Not only was their first performance Take One a success, but Julie noticed how these types of events benefited the students.
“Over the years I’ve seen hundreds of kids go through my program and I’ve seen them transform. The first thing I notice is they grow in confidence.”
Julie explained how drama can be the perfect fit for students with learning-based language differences. In her experiences and observations, students with ADHD can feel empowered to use their energy in this format. Students with autism can improve their social skills through drama, which helps them discover an appropriate way to express themselves. Students with learning disabilities/dyslexia can learn vocabulary through memorization. All students, regardless of their disabilities, often find creative ways to use the performing arts to learn confidently. To believe in a student – to give them a platform to try it out – is transformative, and it impacts them academically.
Other teachers who observed the program were proud of specific students who really shined using the performing arts. Students who were shy and reserved during rehearsal would “ooze with expression” during the performance. Parents were excited to see their children blossom on the stage.
Take One was not an easy program to prepare. Even without the challenges of a pandemic, preparing students came with its own challenges. Organization, executive skills, remembering lines – these are all factors that students must work through. Rehearsals presented challenges for Julie’s students that needed to be addressed, but by meeting with them where they are, they were ready for curtain call.
Perfection is not required. As with all of us, “it is okay if they’re off pitch, if they miss a line, or if they forget something.”
One way Julie helps her students through their personal challenges is through understanding of their disability through her own experiences.
“I have ADHD. I get it. You will not be perfect. You have a message and the message will be clear. That’s what matters.”
The message of the program was recognizing, accepting, and celebrating people who may learn or be different from us. The students were proud of their performance. It was clear in their energy. They were talking to each other, smiling and hopping around putting things away.
Julie’s ultimate goal is to show her students with learning challenges can meet expectations and are valuable participants in the school and community. They are a valuable part of our society and they have important things to say to make our world a better place. Teaching them that they have a voice gives them value and gives them confidence and courage to make a difference in the world.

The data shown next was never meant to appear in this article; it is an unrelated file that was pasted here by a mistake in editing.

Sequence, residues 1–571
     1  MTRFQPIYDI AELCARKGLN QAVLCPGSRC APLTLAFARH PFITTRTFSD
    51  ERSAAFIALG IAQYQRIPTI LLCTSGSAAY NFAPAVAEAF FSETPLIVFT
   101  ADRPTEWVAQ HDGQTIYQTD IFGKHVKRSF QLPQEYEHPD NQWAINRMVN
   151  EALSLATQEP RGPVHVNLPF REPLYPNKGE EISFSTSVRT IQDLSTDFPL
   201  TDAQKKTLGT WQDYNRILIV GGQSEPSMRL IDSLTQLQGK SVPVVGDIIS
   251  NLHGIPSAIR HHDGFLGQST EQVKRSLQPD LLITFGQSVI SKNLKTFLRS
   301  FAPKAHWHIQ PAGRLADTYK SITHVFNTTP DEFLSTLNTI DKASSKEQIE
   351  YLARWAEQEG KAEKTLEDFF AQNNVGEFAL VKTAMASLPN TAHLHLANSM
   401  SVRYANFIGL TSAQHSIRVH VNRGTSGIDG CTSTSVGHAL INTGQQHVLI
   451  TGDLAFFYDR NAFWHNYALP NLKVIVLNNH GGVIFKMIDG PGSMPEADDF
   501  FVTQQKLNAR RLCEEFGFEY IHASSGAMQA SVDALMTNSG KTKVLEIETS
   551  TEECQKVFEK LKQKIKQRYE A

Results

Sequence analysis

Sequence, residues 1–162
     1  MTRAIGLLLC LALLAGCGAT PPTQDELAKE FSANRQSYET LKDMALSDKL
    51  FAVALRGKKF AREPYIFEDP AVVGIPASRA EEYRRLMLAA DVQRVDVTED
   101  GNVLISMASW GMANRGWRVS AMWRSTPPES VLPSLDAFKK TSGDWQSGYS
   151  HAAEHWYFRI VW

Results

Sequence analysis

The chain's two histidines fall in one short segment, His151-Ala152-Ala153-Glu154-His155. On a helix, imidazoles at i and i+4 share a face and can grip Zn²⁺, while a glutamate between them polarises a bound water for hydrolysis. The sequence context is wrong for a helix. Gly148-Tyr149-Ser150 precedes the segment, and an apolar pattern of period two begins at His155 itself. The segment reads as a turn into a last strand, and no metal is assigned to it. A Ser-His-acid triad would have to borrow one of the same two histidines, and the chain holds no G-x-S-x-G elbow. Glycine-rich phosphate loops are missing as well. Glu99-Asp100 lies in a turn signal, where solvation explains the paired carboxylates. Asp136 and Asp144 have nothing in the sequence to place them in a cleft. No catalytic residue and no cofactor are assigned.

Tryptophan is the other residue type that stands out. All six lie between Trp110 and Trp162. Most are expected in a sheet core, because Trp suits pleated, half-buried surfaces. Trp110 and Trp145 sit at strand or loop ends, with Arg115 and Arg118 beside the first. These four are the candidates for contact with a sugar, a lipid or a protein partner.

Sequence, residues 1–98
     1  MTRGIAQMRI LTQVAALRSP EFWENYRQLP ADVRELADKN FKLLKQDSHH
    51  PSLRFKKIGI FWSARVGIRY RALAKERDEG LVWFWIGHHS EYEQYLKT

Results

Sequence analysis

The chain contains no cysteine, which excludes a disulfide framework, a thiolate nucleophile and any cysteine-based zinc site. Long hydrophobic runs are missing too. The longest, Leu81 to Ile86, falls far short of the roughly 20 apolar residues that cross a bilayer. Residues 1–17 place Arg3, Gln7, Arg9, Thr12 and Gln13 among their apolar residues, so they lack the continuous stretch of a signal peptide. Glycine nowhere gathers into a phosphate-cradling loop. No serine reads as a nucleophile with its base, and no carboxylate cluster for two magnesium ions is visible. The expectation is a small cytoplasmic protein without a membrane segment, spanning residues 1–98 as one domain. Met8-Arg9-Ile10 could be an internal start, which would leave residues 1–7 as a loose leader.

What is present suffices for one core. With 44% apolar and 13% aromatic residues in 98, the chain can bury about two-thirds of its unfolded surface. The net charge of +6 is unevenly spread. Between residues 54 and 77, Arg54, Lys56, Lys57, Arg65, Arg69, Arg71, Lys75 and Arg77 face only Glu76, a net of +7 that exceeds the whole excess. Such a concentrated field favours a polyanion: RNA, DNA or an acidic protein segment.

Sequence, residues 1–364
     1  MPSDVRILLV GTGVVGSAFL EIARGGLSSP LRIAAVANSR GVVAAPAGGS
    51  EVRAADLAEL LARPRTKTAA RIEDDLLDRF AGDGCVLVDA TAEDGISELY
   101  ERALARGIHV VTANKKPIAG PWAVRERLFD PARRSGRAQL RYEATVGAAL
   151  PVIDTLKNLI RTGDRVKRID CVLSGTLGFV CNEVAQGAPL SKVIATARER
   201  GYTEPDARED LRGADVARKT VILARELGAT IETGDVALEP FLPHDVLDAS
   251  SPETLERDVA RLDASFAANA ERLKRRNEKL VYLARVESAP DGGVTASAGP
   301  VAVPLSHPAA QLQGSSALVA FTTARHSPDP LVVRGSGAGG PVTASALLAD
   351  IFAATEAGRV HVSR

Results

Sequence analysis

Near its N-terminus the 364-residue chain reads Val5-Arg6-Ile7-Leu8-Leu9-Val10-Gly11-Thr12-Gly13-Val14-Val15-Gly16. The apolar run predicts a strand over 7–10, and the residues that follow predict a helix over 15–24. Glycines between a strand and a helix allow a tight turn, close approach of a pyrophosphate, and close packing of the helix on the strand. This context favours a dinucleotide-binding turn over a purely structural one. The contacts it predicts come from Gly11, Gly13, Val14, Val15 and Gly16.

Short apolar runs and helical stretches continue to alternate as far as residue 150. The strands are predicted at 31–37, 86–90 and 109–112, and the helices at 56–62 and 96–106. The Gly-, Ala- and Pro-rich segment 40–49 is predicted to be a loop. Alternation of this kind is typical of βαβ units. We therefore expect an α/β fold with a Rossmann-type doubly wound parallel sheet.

“We need people who are willing to be courageous, to step out and step up, and do the work. These kids deserve a chance to say what they can say in our world. We’re not going to give up. We’re going to persevere.”
Julie is now preparing for her next after-school program with her high school students in January for Take Two.
Blog articles provide insights on the activities of schools, programs, grantees, and other education stakeholders to promote continuing discussion of educational innovation and reform. Articles do not endorse any educational product, service, curriculum or pedagogy.
Mila Padilla grew up in Shiwina (Zuni village) and heard Zuni spoken on the playground and from her grandmother. She never attempted to speak it herself until she moved in with her grandmother, where it was required. She did everything with her grandmother, from cooking and gardening to attending church and praying. By the time her grandmother had passed, the Zuni language and culture had been instilled in Mila.
Zuni, who call themselves A:shiwi, have dwelled in Halona I:diwana, the Middle Place of the World, in western New Mexico, where the tribe settled after many years of searching for the Middle Place. Today, the tribe is considered one of the most intact in existence, with many members living at Zuni Pueblo.
While working at NACA, i met Zuni students who did not speak the language because of the disconnect to growing up in the city, like my own children learning the language would create a challenge and like myself a second language learner, I would be able to understand the challenge of learning the language.
Mila was working with urban Indian youth at Native American Community Academy when she met A:shiwi youth who did not speak Shiwi’ma Bena:we (Zuni language). A second language learner herself, she understood the challenge of learning the language, and she was willing to take the lead in teaching them.